Bad ‘rigorous’ Common-Core-style geometry problem

Here is a problem put out by Houghton-Mifflin and labeled ‘test prep’ that I came across as a worksheet for a 9th grade Geometry student I’m currently helping here in Washington, DC.

How many things can you find wrong with this question?

goofy proof sss question

If you have a hard time reading the question, it asks, “Why is segment DE the perpendicular bisector of segment FC?” (FC wasn’t drawn by the makers of the worksheet; that was added by the student right before I took the photo with my phone.)

Here is what I find objectionable:

(1) Segment DE is in fact NOT the perpendicular bisector of segment FC. It might be perpendicular, if EB’A’D is a rectangle, which is nowhere given in the problem, but even if the skinny space between the two triangles is a rectangle, DE does not intersect segment FC’ at its midpoint.

(2) We should not be asking students to prove things that are not true.

(3) The first two paragraphs of verbiage* are unnecessary, but if we take them at face value, you could end up with either of these two diagrams instead:

another possible sss question

or else the following:

yet another poss sss q

In neither case is it true that DE is even perpendicular to undrawn segment CF, even though I definitely used ‘rigid motions’ to transform triangle ABC into triangle DEF.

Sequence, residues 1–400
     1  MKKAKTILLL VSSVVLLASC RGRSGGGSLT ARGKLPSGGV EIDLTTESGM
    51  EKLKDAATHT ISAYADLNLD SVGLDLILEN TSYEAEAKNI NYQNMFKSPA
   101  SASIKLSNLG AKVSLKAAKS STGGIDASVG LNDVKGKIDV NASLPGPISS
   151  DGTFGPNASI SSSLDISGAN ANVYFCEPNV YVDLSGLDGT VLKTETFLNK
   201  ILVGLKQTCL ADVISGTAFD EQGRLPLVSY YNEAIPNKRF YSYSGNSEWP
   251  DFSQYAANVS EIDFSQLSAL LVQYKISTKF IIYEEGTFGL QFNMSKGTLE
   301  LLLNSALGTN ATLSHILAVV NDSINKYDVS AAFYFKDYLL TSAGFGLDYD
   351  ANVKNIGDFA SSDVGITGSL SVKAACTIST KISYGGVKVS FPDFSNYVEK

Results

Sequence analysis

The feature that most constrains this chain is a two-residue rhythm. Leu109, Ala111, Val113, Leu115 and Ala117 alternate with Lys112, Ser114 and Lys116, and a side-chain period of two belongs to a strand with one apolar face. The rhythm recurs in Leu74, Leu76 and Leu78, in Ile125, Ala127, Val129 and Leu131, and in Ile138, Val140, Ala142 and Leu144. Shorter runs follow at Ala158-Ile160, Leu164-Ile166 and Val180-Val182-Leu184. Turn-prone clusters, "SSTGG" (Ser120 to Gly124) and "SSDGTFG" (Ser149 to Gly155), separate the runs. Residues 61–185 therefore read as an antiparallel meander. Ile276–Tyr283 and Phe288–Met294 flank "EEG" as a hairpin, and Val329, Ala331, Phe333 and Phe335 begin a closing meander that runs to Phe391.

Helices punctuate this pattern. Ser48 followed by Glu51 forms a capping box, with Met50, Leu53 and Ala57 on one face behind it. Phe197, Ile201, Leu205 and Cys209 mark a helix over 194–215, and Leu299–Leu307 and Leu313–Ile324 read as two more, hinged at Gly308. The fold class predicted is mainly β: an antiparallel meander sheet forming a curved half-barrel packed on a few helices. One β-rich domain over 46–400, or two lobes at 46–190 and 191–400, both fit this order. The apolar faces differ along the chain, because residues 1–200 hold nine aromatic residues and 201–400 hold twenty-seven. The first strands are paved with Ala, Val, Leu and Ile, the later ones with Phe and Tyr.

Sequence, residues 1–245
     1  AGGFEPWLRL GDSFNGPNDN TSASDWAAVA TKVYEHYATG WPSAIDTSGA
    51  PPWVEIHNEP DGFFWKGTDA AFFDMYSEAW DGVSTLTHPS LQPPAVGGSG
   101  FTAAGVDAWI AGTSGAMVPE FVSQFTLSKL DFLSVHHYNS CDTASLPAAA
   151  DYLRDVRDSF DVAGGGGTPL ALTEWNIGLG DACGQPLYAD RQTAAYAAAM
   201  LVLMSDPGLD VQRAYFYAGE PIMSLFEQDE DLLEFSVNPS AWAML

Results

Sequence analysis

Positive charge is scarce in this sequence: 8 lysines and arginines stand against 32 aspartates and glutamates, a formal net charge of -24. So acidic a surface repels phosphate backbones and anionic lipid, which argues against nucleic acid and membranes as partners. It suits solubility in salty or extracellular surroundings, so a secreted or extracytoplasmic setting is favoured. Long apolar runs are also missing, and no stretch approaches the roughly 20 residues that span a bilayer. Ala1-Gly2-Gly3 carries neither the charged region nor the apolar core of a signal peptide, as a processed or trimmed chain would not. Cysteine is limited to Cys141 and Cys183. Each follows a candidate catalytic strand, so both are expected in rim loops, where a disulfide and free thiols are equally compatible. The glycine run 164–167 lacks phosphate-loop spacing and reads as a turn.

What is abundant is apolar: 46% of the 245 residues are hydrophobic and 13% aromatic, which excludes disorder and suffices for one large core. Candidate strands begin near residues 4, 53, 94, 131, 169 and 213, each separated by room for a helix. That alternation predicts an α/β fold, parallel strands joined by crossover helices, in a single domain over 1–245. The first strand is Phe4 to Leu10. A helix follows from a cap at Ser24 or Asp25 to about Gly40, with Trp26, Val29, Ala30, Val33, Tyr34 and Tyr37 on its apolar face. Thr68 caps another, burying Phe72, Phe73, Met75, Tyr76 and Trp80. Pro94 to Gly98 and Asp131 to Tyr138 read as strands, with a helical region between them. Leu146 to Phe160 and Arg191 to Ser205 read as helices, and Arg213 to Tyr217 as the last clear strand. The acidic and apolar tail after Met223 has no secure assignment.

(4) In geometry classes, an apostrophe after a capital letter means something: that a point is the result of some sort of transformation performed on the point that lacks the apostrophe. In this problem, points A, B, and C should not be written as A’, B’, and C’.

(5) Here is a much more straightforward problem: You are given the congruences shown in the diagram. Explain why (or “Prove that”) segment HJ is the perpendicular bisector of segment IK.

better sss question


Maybe this is what Sandra Stotsky was complaining about when she dissented from approving the Common Core math standards, objecting to making transformations (such as rigid motions or dilations) the core of geometry .

*For those of you unfamiliar with the term, a rigid motion means a rotation (turn), a reflection (flip), or a translation (slide) — they  normally change the location of a figure without changing its size, area, or angles. And, yeah, I taught geometry to 8th and 9th graders for many years, so I know a little bit of what I’m talking about.

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10 CommentsLeave a comment

  1. I am teaching Geometry to night-school students trying for credit recovery, so they are high-school age or very close. I was given a “Common Core ” book from one of the few major publishers left. The book is awful. It has the type of problem you have outlined sprinkled throughout every section.
    I am a retired math/science teacher (35 years high school level). If a young teacher had to use this book they would be hopelessly confused about what really was expected of the students. I have to look carefully at every problem in an assignment to make sure it makes sense.
    I wish I had grabbed some texts when I left teaching.


    • You can look online for used math and science texts. I certainly never saw horrendous problems like this when I was teachng.


  2. Since when did Sandra Stotsky know anything about mathematics, Guy?


    • Probably never.